Worse, I have a lot of novels also slowly being worked on. Several of them are over 10k words. I have over 740k words written, and only 360k published. That’s a huge gap of incomplete works that I need to finish.

So….the next month and a half will go to figuring out my schedule, and hopefully finishing some of these short stories. NoNoWriMo is going to completing a novel or two in either the Eternal Tapestry world, or the Half Blood Sorceress series. Either way it’s 50k words into a new series and that will help me get the novels finished, and published, in the coming year.

I’ve got a long way to go, and I want to get back to writing 2k a day so that I can eventually get all the stories out of my head and onto the page. Of course then I’ll just have to dream up some new stories, won’t I?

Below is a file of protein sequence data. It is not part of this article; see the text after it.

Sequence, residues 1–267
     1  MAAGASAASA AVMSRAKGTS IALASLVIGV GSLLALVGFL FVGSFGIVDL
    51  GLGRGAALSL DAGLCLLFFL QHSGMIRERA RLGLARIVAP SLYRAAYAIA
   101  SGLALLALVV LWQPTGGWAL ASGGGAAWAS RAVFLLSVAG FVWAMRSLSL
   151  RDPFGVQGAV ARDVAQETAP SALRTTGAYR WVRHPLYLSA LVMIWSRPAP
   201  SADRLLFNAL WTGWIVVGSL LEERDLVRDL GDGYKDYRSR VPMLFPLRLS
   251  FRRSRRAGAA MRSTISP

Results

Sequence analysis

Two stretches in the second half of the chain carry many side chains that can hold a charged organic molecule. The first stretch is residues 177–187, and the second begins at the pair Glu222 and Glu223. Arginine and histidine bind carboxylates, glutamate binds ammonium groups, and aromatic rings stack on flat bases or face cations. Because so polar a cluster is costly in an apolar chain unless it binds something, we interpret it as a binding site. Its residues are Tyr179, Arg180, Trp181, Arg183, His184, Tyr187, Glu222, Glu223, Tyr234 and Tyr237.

A minor catastrophe!

I’ve been keeping records of my daily word count for the last couple of years. I use them to watch how I’ve grown, push myself to write more each day, and try to see what slows me down. I keep track of how much I write on which projects, which also chronocolizes when I started each project, and when I finished them. It’s very useful data, and I’ve shown my charts here on my blog a few times.

Then last night I went to add my numbers for the day and looked down. For some reason it was saying march, not September. What? That’s not right.

I checked a few other pages. Blank. Blank. Blank. WHAT THE HELL IS GOING ON!?!?